They misunderstood’: Light shed on LIV’s bungled rankings play as ‘promises’ left broken

They misunderstood’: Light shed on LIV’s bungled rankings play as ‘promises’ left broken

Souring’ friendships and ‘old scars’ reopened: Why the PGA’s biggest threat comes from within,
The question is; what is McIlroy’s differing view that has left him at odds with the current player directors?

No stranger to the bumps and bruises of a volatile post-LIV landscape, the PGA Tour has this week been shaken once more.

On the eve of the PGA Championship, the architect of the framework agreement that would change professional men’s golf forever, Jimmy Dunne, abruptly quit from its policy board.

You may not have heard of Dunne, but no figure encapsulates the state of play in golf’s 12-month trainwreck better than the Wall Street powerbroker.

One year ago, Dunne was secretly meeting with the PGA Tour’s trillion-dollar disrupters, the Public Investment Fund (PIF), to broker a deal many thought couldn’t be done.

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A month later, jaws dropped globally when it was revealed the PGA Tour had agreed to form a new entity with its sworn rival, effectively merging the US circuit with the PIF-funded LIV Golf.

The year following the agreement has been marked by lawsuits, political concerns, intra-organisational squabbling and player power moves — but no official deal.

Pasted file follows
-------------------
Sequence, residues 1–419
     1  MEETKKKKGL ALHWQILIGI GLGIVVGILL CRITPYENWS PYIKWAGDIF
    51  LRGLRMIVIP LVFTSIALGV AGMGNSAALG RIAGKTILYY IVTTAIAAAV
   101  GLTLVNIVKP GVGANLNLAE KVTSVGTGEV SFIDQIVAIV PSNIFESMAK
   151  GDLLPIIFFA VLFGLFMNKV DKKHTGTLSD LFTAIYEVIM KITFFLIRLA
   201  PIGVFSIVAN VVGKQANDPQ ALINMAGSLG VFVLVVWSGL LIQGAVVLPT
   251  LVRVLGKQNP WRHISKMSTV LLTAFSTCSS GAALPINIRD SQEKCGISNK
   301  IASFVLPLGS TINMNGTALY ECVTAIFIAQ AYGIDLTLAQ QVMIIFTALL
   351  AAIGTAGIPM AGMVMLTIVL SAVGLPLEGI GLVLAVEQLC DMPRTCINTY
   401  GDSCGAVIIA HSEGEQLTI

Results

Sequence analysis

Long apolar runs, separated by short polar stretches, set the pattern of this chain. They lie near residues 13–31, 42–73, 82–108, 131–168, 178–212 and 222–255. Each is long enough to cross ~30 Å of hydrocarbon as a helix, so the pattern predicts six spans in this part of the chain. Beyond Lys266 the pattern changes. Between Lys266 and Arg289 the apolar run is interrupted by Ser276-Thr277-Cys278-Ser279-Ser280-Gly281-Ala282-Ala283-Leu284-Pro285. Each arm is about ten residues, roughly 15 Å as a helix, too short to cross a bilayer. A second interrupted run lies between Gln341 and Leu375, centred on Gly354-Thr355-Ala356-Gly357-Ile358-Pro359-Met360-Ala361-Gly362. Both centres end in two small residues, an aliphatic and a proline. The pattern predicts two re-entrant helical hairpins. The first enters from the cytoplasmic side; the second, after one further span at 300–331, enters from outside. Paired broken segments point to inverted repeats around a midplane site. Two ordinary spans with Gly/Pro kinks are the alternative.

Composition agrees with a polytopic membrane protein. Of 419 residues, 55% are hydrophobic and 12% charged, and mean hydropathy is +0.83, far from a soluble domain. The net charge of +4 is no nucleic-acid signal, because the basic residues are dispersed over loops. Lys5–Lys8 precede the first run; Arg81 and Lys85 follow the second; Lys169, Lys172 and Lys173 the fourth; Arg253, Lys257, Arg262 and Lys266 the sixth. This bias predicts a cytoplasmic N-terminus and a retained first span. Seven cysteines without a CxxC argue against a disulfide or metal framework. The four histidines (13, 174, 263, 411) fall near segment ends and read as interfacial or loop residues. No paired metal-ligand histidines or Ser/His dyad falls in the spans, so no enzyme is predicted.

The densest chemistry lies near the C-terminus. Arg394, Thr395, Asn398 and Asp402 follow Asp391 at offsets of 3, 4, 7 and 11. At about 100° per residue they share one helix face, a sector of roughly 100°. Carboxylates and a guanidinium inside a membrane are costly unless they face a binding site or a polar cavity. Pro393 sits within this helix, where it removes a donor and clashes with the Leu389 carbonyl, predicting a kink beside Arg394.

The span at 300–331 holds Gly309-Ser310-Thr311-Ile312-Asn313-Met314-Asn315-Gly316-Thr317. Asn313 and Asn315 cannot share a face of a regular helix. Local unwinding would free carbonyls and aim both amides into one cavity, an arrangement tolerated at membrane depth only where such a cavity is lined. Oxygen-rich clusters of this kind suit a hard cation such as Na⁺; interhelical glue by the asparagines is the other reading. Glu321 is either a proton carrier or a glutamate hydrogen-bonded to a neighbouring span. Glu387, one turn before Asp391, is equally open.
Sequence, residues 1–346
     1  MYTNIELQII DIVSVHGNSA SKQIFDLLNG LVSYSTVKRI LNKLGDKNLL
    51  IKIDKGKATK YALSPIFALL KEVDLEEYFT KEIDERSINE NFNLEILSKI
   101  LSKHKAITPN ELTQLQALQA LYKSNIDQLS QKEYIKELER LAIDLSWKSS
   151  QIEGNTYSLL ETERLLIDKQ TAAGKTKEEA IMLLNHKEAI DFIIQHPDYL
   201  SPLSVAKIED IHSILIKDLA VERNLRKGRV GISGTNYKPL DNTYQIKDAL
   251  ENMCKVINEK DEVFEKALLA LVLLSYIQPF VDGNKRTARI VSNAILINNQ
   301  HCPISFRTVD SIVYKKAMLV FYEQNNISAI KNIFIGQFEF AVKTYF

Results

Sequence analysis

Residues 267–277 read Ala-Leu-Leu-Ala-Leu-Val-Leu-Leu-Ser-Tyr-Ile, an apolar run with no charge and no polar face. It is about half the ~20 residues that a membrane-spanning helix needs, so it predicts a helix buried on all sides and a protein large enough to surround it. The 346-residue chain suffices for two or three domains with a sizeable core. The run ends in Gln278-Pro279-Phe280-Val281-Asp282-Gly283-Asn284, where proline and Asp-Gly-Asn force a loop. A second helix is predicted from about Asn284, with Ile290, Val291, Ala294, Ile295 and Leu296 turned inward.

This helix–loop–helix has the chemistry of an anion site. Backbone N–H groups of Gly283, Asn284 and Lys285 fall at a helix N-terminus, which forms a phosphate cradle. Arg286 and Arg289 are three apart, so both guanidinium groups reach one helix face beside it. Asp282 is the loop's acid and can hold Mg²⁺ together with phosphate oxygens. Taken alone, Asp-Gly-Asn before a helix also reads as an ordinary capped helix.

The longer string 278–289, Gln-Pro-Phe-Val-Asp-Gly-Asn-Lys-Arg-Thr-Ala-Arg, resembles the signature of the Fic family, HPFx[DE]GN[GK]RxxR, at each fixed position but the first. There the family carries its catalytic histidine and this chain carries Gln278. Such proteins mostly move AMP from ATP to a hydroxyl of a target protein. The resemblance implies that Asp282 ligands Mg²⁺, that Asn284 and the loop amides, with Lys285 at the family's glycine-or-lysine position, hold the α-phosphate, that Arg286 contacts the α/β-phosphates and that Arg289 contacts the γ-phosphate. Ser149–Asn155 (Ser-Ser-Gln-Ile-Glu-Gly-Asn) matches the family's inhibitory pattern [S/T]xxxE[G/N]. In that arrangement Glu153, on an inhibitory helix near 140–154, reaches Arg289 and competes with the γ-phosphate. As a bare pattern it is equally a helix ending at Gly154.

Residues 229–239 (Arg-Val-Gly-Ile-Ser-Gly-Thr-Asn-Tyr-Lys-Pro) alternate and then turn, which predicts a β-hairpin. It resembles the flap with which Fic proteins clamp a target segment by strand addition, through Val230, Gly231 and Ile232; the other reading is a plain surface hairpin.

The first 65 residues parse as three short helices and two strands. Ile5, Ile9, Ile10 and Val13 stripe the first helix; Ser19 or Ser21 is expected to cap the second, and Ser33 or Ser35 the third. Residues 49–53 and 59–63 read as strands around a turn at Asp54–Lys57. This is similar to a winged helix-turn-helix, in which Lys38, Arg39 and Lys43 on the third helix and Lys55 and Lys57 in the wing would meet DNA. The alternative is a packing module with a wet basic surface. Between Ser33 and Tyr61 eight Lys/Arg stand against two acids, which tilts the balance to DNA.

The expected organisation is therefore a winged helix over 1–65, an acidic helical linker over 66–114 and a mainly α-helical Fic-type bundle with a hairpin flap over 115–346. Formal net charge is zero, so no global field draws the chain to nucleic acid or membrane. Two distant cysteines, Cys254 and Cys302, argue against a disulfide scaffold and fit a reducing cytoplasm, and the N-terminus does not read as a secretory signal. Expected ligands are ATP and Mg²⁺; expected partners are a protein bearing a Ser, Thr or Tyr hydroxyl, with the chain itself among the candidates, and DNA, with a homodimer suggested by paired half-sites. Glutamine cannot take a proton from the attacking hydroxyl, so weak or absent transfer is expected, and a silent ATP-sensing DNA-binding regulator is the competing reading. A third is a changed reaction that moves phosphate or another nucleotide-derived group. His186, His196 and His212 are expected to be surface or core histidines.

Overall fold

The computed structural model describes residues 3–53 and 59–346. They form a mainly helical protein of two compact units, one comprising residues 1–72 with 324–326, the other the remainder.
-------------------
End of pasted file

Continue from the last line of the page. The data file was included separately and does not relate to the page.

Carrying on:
Which brings us to Tuesday (AEST) when the mastermind of the agreement was washing his hands of the deal altogether, deeply exasperated by the failure to will it into reality.

Golf is to this day in a deeply fractured state despite the promise of total reunification, which tauntingly lingers just out of reach.

Each month brings a new report of why an official deal between the PGA Tour and PIF is imminent, only for a development like Tuesday’s to bring its complexity back into jarring focus.

From widespread player outrage, leadership instability, and even a US Senate probe into the motivations of the deal, the path forward is a minefield.

But it’s what’s happening within the PGA Tour camp that is emerging as arguably the biggest factor in why golf’s bitter war is set to be dragged into yet another year.

Players were left outraged that Dunne — at the behest of PGA Tour commissioner Jay Monahan — could almost single-handedly strike a deal that would change their careers.

The backlash was so strong, particularly towards Monahan, that concessions began being made in a bid to subdue the flames at PGA headquarters.

The biggest concession was one that allowed players to outnumber independent directors on the PGA Tour policy board.

How that new-found power is being wielded may be responsible for the PGA Tour’s $3bn (A$4.5bn) deal with the Strategic Sports Group, but it is also to blame for the ongoing standoff with PIF.

Dunne’s resignation letter shed some light on this messy situation, while confirming the poorly-kept secret that despite his successful talks with PIF governor Yasir Al-Rumayyan, he had been frozen out of the next round of negotiating.

“As you are aware, I have not been asked to take part in negotiations with the PIF since June 2023,” Dunne wrote.

“Since the players now outnumber the independent Directors on the Board, and no meaningful progress has been made towards a transaction with the PIF, I feel like my vote and my role is utterly superfluous.

It is crucial for the Board to avoid letting yesterday’s differences interfere with today’s decisions, especially when they influence future opportunities for the Tour.”

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